301. Memorandum From the Deputy Director of the Policy Planning Staff (Kreisberg) to the Deputy Under Secretary of State for Security Assistance, Science, and Technology (Nye)1


  • Draft Presidential Decision Document on International Health Initiatives

The problems associated with the draft decision memorandum to the President2 reflect many of the same difficulties the Department had with regard to the larger International Health Report.3 These problems include:

Lack of Priority Setting: The decision document does not address itself to the very thorny but key problem of where specifically we should direct our resources in the area of international health. Should we do more in the area of infant immunization, tropical disease research, nutritional assistance, population or basic health services? What should be the relative mix in our assistance program between bilateral and multilateral programs or one form of health assistance vs. other forms?

Lack of Specificity and Clarity: In many of the recommendations there is a lack of specificity with respect to who should undertake a certain action, how much a particular action would cost and what the benefits might be in return for resources employed and the role of the various agencies in supporting the initiatives. Also the report does not [Page 995] really set forth an international health strategy which was initially the purpose of the entire exercise. The President in reading this decision paper does not, in fact, receive any analysis priorities, or basic strategy, i.e., a meaningful context in which to make decisions about initiatives and additional resource allocation.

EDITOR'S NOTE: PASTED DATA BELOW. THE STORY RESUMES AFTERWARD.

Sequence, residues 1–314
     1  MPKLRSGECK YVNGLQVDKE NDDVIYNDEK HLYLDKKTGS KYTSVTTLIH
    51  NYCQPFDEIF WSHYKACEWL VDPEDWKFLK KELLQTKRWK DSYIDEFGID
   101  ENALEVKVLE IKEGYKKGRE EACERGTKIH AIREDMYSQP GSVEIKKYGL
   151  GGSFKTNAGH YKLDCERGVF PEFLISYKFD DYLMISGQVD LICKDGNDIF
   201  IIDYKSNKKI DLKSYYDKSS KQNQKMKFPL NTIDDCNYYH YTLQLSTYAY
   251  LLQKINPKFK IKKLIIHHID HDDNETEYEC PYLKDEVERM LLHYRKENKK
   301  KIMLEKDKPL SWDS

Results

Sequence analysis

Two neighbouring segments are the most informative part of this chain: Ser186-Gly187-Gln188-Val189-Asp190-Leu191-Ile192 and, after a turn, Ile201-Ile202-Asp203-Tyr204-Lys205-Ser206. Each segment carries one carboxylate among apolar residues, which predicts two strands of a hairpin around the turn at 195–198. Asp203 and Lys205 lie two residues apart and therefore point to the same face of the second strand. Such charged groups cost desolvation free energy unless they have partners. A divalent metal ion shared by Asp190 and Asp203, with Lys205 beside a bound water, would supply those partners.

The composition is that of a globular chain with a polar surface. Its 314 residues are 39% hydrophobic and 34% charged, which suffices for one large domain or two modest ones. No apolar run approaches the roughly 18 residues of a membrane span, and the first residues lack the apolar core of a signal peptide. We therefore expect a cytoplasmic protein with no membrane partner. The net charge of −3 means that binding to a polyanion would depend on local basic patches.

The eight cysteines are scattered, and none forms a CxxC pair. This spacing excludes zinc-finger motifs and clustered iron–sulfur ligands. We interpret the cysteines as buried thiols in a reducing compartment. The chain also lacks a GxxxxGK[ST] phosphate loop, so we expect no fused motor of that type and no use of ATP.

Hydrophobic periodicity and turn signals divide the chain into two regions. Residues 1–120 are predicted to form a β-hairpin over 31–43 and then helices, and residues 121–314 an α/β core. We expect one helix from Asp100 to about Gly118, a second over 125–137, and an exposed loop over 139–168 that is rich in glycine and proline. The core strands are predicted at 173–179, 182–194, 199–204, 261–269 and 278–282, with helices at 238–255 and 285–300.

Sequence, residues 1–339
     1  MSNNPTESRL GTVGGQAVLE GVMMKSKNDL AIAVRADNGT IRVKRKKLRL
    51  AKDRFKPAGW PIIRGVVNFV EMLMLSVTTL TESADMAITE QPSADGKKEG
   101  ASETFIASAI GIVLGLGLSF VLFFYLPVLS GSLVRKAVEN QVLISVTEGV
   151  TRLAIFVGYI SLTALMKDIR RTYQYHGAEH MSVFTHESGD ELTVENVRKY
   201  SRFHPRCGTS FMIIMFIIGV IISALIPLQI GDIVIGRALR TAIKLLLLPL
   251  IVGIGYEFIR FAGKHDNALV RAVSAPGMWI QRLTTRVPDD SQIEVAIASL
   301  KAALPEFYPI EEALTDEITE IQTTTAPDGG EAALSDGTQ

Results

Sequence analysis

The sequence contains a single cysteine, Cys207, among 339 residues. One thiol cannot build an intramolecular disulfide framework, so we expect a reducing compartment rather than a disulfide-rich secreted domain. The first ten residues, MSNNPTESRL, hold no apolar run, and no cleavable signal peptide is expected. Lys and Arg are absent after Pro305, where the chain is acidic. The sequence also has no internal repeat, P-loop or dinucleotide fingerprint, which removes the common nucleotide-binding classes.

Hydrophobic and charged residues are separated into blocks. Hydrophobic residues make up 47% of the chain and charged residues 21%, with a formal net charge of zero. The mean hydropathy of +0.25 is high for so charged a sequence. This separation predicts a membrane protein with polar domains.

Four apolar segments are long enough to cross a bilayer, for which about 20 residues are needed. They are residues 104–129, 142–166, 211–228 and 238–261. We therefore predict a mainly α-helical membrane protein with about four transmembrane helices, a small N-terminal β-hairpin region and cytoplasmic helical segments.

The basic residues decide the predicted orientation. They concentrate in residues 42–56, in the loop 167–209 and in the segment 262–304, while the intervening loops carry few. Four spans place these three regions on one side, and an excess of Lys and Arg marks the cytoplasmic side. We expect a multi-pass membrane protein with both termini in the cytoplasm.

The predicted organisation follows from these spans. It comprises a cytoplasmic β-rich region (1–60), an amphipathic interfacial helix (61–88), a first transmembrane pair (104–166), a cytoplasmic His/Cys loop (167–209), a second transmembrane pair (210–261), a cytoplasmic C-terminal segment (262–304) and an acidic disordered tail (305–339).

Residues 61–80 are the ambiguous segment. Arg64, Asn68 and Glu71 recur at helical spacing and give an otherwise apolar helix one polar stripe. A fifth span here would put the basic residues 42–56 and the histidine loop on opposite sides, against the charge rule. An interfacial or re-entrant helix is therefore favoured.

Lack of Analysis of the Interrelationship of WHO and Related Programs to Those of Donor Countries, LDCs and Our Own Ongoing and Planned Health Activities: The decision memo does not relate existing and planned international health programs to those of the USG. There is no reference to programs by others or ourselves to deal with specific health problems.

Inaccurate Characterizations: In a number of cases the report characterizes ongoing policies, programs and views of USG agencies in ways which do not fully or accurately reflect the existing situation. In particular, a statement that international health activities address only agency specific missions is unsound. Nor does the report recognize that AID health and other programs in fact are increasingly focussed on the poor and the provision of basic health care. This has been the case over the last year.

Lack of Interrelationship/Coordination: The recommendations tend to be placed in isolation from associated strategies and programs in related areas. There is no recognition of ongoing policies and studies such as those dealing with AID development assistance. We may indeed want to increase AID funding for health programs proportionately to increased overall assistance levels, but no case has been made for this recommendation.

Creation of Overly Complex and Burdensome International Health Bureaucracy and Coordinating Mechanisms: The recommendations to establish a three-tier international health bureaucracy headed by Dr. Bourne does not seem the most efficient approach to developing and coordinating an international health strategy. A simpler structure, coordinated and staffed in the Department of State or alternatively within the White House as part of the NSC system may be more time and cost effective.